If you visit a vending machine in San Diego over the next year, be sure it’s the right kind. Otherwise, you may end up at an overdose prevention station.
As relayed by The San Diego Union-Tribune, SD County will install a dozen machines by next summer, all dispensing Naloxone.
From the National Institute on Drug Abuse:
Naloxone is a medicine that rapidly reverses an opioid overdose. It is an opioid antagonist. This means that it attaches to opioid receptors and reverses and blocks the effects of other opioids. Naloxone can quickly restore normal breathing to a person if their breathing has slowed or stopped because of an opioid overdose. … Examples of opioids include heroin, fentanyl, oxycodone (OxyContin®), hydrocodone (Vicodin®), codeine, and morphine.
The first machine will be placed at the McAlister Institute South Bay Regional Recovery Center in Chula Vista. Other locations haven’t yet been named, but five more are planned by 2022’s end.
The drug — under the brand name Narcan — will be offered as a nasal spray. If it’s administered quickly, it can indeed save someone’s life.
In a statement last week, the county’s chief population health officer, Nicole Esposito, praised the product and punctuated the need for it:
“Naloxone is a proven life saver in overdose situations. The enhanced distribution of naloxone into the hands of community members is vital in saving lives that might otherwise be lost to overdose.”
That sounds good, but how did we arrive here — at a place where so many are addicted to drugs that we’re having to make death-defying treatment available like Pepsi?
It seems to me we got here by never asking — between the beginning and now — how we got to each point along the way. Our society appears increasingly good at responding to problems, and progressively bad and preventing them — or having the courage to even point them out until they’ve reached crisis level.
Make no mistake — the crisis is here:
The vending machines are part of a larger countywide effort to make 33,000 Narcan kits available by June 30, 2023.
The Union-Tribune reports the machines will distribute free Narcan to anyone over 18, and an online course will be required before use. After its completion, an individual will be given a PIN number that will authorize a machine.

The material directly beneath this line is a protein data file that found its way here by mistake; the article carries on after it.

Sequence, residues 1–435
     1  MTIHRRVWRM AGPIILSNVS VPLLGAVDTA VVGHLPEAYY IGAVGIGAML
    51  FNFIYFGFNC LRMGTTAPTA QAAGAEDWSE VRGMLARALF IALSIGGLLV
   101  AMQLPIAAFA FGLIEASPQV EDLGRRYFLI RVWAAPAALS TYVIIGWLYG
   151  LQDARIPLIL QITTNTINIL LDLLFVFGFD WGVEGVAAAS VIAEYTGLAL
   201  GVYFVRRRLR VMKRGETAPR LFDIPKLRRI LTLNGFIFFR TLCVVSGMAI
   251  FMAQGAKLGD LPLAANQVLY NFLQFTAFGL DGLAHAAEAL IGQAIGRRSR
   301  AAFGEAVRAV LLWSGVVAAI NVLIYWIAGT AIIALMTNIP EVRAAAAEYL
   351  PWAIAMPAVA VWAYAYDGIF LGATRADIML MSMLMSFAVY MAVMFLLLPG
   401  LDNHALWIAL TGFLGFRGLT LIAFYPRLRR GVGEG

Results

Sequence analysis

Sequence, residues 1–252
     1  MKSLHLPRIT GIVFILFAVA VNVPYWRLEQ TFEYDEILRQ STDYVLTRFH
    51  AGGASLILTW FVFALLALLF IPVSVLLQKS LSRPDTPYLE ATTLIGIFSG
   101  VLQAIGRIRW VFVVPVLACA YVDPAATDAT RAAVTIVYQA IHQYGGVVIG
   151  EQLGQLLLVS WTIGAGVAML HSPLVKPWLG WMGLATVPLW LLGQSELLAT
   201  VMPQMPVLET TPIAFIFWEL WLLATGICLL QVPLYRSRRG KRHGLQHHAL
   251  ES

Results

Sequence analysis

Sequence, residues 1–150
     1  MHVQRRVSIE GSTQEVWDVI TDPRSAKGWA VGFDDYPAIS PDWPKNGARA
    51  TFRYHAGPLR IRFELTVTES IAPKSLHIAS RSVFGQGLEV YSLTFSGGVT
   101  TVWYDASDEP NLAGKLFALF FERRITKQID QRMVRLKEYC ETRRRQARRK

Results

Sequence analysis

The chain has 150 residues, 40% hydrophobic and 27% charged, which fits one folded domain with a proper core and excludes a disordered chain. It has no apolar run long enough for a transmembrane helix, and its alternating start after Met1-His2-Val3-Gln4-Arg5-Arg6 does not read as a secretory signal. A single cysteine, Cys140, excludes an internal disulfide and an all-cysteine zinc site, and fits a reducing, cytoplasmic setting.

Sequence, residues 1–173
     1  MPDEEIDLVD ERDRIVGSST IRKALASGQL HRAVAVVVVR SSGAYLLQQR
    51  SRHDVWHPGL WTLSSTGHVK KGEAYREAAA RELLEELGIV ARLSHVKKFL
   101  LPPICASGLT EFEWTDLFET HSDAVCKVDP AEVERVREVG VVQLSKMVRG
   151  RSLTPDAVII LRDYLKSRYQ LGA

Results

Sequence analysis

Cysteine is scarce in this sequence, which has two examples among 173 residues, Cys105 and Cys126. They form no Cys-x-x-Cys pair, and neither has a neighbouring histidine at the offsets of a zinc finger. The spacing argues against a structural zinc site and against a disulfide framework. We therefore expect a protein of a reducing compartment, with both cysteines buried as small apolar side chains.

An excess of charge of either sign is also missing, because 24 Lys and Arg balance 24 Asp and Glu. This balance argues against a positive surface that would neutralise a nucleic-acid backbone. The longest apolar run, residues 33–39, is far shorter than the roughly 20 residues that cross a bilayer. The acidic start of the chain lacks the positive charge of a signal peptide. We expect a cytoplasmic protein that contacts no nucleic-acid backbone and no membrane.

San Diego is deploying Narcan vending machines across the county to help combat a 55% increase in overdose deaths from 2020 to 2021. Read more: https://t.co/oZF5GVezkZ
— Voices for Non-Opioid Choices (@nonopioidchoice) August 3, 2022
In 2019, the Times of San Diego observed a new day:
[S]an Diego is California’s second-largest city, but in a sense remains an isolated, almost self-contained, outpost.
An ocean to the west, an international border to the south, a mountainous and forbidding desert to the east and the Marine Corps’ massive Camp Pendleton to the north wall off San Diego from the rest of California. …
As it happens, San Diego is in the midst of a political evolution. The city and the surrounding San Diego County have been politically conservative for most of its history, and the rural portions of the county still are. But the city has turned blue, thanks to a political awakening of its Latino population, organizational efforts by unions and demographic and economic changes.
The impact of left-wing leadership can be seen in the educational arena. As I covered recently, the San Diego Unified School District is now training teachers to inculcate children on gender identity and neopronouns.
From the official district instruction, as obtained by City Journal’s Christopher Rufo:
The Gender Binary is a social construct that situates “male” and “female” as synonymous with “man” and “woman” and dictates how people assigned to these categories should act. This limited system excludes and oppresses trans, nonbinary, intersex, and gender-nonconforming people.
The training provides three sample questions a teacher must be prepared to answer from the kids, one of which is this:
What does semen taste like?
- What might be the intent of the question?
- What knowledge do they need to make healthy choices?
- How could you make your response inclusive of all students?
- How would you respond?
Back to Narcan machines, Nicole Esposito notes that the idea is for addicts to take the training and get the nasal spray ahead of their overdose. Then when it occurs, they’ll be ready.
And a lot of people will need to be ready:
The efforts come during a time when opioid-related drug overdoses are on the rise.
County data show that 900 people in the region died from accidental opioid overdoses in 2021, a 55 percent increase from the previous year.
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